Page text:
4

I'm implementing a Kiosk webapp based off WordPress and I have some conditionals which are key, they work based on whether user is logged in or not.

I'm aware that after user clicks "remember me" it will keep them logged in for 14 days.

However, I want to keep users logged in for as long as possible once they log in through the kiosk.

I was maybe thinking 1 month.

Is there any limit to how long I can set? Can I set for 2 months? 3 months? 4 months? I know an actual cookie can be set to more than 10 years, but not sure if WP has it's own limitations on that.

I also found a snippet of code to help me set this but I'm not sure how to know if it works, the article I found it from is 2 years old...

// keep users logged in for longer in wordpress
function wcs_users_logged_in_longer( $expirein ) {
    // 1 month in seconds
    return 2628000;
}
add_filter( 'auth_cookie_expiration', 'wcs_users_logged_in_longer' );

Thank you.

  • I've used that same function with 31556926 for a year, and it works fine with WP 4.2 and with all the browsers I've tried for my localhost sites. Unless, of course, I logout or clear cookies. – markratledge Apr 8 '16 at 19:36
  • @markratledge what was your implementation? Was it like mine? Happen to try it on an Ipad browser? App has a totally different behavior if you're logged out compared to if you're logged in which is why I need this. – Uriahs Victor Apr 8 '16 at 19:46
  • I used the exact same function my own plugin and in functions.php in different themes, and they worked fine; but, I never have tried it on iOS Safari. – markratledge Apr 9 '16 at 1:08
  • If you're concerned about browsers not respecting a cookie with a long expiration date, you could set the login cookie for a month every time the logged-in user requested a page. – Joel Apr 12 '16 at 21:22
3

What you found is actually perfectly accurate. With WP's commitment to backwards compatibility it's not that common for thing to stop working.

This filter is used in wp_set_auth_cookie() to calculate the duration. Resulting value is used in PHP's setcookie().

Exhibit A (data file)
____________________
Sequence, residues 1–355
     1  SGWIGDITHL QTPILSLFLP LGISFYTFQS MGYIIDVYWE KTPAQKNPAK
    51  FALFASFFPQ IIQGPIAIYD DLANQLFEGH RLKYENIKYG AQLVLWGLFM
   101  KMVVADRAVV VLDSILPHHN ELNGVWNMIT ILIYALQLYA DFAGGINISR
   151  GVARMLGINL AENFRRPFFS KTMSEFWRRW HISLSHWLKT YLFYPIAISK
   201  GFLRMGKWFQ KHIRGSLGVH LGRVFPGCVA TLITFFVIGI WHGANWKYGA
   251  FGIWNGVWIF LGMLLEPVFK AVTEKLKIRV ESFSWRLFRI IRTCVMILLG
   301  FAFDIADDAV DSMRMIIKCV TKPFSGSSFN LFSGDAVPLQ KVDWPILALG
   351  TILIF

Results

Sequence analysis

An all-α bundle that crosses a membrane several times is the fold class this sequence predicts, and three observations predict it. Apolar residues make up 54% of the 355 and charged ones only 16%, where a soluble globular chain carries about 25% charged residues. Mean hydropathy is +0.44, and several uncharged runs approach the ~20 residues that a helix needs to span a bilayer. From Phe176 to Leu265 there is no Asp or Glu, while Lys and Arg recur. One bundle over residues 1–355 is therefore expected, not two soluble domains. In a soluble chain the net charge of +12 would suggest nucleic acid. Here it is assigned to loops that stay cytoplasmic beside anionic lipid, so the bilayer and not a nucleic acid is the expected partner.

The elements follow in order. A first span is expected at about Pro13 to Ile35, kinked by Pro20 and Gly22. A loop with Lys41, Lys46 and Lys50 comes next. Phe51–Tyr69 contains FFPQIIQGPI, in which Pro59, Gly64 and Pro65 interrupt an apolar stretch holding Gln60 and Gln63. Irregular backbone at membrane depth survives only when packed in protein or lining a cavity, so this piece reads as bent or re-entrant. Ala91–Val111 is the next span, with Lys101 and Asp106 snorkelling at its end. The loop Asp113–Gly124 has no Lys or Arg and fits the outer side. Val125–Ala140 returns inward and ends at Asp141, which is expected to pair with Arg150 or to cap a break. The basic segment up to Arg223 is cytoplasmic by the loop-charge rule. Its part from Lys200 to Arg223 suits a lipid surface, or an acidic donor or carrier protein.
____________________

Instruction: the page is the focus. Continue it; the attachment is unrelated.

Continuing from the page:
There is no mention of specifics limits in documentation, so in practice the value is limited by integer range for Unix timestamp (practically at the moment — year 2038 give or take).

So you are pretty set on WP side, but I'd also look into how browsers handle it. I don't think I heard about extra long expiration times used in practice outside of development. So it's not well covered topic.

  • Thanks @Rarst if all it does is set a cookie on the users browser then wouldn't I be ok as long as they dont delete the cookies off the kiosk's browser? – Uriahs Victor Apr 8 '16 at 19:26
  • Probably, but as I said this is not typically done in my experience, so I am not that confident about all the aspects. – Rarst Apr 8 '16 at 19:31
  • Thank you at least I know the snippet works, I guess it comes down to live tests. I don't mind if the cookie just lives for 1 month. But user needs to stay logged in for 1 month (yes they will be using the account several hours a day during that month). Will WP still log out a user even though they are using the account? – Uriahs Victor Apr 8 '16 at 19:35
  • This filter is supposed to set precisely how long until WP will log user out. What will WP do is something you'll have to either test or read through mountain of code to figure out. – Rarst Apr 8 '16 at 19:44
0

I know this question is old, but incase anyone stumbles across it (like I did).

I've recently had the same problem of wanting to keep users logged into WP, so I've created a plugin to do just that.

Take a look, I hope it helps: https://wordpress.org/plugins/wp-persistent-login/

Your Answer

By clicking “Post Your Answer”, you agree to our terms of service, privacy policy and cookie policy

Not the answer you're looking for? Browse other questions tagged or ask your own question.